Gala Apples: Cold-Induced Ethylene Impacted by Harvest Maturity, AVG Treatment

Ithaca, NY 'Gala' is a major apple cultivar grown worldwide that is mostly planted as red sports (genetic mutation), such as Royal, Brookfield, Fulford, and Galaxy. The red sports tend to have similar maturation profiles, but they allow earlier harvests and strip picking, which is not recommended for the original 'Gala' or lower-colored sports. Although Gala fruit are harvested early relative to typical long-term storage cultivars such as Red Delicious, Granny Smith, and Fuji, they are often stored long-term under controlled atmosphere conditions.

A recent study, conducted by researchers at Cornell University, has provided significant insights into the effects of harvest maturity and preharvest treatments on the cold-induced ethylene production of 'Gala' apples. The findings hold substantial implications for apple producers seeking to optimize fruit quality and extend storage life.

The research focused on the application of aminoethoxyvinylglycine (AVG), a known ethylene inhibitor, and its influence when combined with varying harvest maturities on the ethylene production in 'Gala' apples during cold storage. Ethylene is a natural plant hormone responsible for the ripening and senescence of fruits, and its production can be a critical factor in determining the storage longevity and quality of apples.

The study observed that apples harvested at different maturity stages exhibited varied responses to cold-induced ethylene production. Apples harvested at earlier maturity stages showed lower ethylene production compared to those harvested at a later stage.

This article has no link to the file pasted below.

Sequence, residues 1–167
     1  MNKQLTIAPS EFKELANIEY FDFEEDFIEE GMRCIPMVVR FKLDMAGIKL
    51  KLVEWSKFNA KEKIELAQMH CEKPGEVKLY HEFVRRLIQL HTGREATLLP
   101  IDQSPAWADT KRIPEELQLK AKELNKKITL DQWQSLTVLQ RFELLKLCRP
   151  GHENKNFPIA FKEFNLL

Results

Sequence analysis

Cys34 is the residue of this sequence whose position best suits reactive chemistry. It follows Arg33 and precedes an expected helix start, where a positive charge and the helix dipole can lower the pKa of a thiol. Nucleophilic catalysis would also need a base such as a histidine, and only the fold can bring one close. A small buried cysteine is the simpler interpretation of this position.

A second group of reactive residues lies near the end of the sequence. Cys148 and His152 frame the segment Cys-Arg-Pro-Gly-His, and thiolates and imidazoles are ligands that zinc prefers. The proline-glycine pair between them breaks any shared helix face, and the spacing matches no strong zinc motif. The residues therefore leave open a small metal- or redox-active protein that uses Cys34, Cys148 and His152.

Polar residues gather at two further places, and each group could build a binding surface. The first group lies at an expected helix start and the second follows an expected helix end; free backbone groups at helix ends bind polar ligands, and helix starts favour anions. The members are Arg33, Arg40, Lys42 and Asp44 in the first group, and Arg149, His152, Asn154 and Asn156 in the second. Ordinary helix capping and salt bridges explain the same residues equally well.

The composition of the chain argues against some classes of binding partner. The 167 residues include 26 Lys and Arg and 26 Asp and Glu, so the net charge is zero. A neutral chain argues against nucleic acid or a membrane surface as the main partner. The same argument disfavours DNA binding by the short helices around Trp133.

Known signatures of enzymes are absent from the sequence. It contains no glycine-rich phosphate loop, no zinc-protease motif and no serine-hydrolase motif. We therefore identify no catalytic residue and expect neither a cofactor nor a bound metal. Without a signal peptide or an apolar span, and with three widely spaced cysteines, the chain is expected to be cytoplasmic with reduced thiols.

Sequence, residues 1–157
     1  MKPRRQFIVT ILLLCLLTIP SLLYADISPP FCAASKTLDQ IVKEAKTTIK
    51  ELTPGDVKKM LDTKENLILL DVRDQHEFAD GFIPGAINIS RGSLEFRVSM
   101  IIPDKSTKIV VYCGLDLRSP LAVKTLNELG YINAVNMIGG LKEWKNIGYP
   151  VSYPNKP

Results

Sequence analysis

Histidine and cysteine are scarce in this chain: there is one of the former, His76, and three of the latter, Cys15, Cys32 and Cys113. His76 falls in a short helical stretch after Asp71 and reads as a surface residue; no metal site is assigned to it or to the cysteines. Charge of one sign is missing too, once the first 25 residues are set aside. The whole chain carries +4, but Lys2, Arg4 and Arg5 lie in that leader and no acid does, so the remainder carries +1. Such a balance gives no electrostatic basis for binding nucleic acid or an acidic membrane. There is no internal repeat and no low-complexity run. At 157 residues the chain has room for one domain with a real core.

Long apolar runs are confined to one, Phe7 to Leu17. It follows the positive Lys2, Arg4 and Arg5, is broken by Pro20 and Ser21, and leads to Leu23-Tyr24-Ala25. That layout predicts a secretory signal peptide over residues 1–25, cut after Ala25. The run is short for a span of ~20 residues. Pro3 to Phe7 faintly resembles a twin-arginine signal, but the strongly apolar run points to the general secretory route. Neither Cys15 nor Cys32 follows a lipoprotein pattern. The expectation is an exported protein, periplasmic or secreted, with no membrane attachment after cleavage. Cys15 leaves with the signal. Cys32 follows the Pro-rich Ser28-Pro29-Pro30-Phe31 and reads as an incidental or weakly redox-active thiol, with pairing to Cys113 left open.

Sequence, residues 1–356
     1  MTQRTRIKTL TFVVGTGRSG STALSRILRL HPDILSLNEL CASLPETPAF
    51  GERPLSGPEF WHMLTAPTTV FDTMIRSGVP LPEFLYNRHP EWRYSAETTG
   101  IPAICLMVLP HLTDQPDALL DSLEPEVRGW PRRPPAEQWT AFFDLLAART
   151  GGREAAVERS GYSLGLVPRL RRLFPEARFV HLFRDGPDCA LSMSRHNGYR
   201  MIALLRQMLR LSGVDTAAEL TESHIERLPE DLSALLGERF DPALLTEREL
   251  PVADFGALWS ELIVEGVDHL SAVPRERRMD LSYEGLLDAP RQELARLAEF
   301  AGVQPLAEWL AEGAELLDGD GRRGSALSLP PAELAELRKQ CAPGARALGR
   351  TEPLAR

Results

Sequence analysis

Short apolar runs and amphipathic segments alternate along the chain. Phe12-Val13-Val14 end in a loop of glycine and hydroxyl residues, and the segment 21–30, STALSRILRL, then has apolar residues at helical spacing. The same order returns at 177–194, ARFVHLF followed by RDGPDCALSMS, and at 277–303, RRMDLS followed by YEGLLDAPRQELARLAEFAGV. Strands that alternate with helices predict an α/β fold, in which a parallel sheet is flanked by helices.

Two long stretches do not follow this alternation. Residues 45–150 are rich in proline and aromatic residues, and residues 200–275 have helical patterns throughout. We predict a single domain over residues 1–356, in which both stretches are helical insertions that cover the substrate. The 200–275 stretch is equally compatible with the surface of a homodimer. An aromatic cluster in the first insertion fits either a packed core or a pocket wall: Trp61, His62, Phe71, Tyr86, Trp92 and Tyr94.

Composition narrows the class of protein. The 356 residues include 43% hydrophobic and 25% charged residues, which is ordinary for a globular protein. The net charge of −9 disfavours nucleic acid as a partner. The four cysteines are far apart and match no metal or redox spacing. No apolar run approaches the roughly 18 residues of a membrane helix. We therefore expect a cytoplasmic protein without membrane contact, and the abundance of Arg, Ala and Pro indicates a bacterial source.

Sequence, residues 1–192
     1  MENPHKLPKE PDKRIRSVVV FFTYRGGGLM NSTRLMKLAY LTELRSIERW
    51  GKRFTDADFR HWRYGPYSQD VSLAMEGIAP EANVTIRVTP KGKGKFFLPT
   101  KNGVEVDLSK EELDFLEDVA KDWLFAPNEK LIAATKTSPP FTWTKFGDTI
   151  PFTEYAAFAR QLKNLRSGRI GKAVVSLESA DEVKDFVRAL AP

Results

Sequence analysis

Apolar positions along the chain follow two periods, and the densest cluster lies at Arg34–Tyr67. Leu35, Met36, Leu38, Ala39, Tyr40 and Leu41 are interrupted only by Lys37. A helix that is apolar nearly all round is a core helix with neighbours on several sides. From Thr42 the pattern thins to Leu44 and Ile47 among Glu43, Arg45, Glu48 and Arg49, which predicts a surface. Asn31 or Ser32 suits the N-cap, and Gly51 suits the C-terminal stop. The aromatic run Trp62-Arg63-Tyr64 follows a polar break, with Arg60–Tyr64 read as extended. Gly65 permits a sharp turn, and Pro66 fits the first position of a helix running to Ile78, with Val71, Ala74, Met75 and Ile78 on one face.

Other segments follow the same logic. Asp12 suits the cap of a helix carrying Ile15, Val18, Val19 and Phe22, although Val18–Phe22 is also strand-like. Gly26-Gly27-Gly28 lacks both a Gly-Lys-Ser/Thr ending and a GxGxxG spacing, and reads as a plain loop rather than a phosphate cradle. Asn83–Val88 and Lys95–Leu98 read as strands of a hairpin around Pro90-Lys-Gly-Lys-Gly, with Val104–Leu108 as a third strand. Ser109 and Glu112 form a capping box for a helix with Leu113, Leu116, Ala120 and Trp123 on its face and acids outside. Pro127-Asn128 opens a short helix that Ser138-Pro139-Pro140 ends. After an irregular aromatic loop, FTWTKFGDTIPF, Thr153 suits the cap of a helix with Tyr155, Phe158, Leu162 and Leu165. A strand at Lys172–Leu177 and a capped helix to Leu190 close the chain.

Application of AVG before harvest significantly reduced the rate of ethylene production during cold storage across all maturity stages. This reduction was more pronounced in apples harvested at earlier maturity stages.

The combined effect of early harvest maturity and preharvest AVG treatment resulted in the lowest levels of ethylene production, suggesting an interactive relationship between the two factors in controlling ethylene synthesis during cold storage.

The findings of this study are particularly valuable for apple producers and storage facilities aiming to maintain the quality and extend the shelf life of 'Gala' apples. By adjusting harvest timings and incorporating AVG treatments, producers can better manage ethylene production, thereby reducing spoilage and maintaining the desirable qualities of the apples over extended periods.

The entire article can be read on the ASHS HortScience electronic journal website at:

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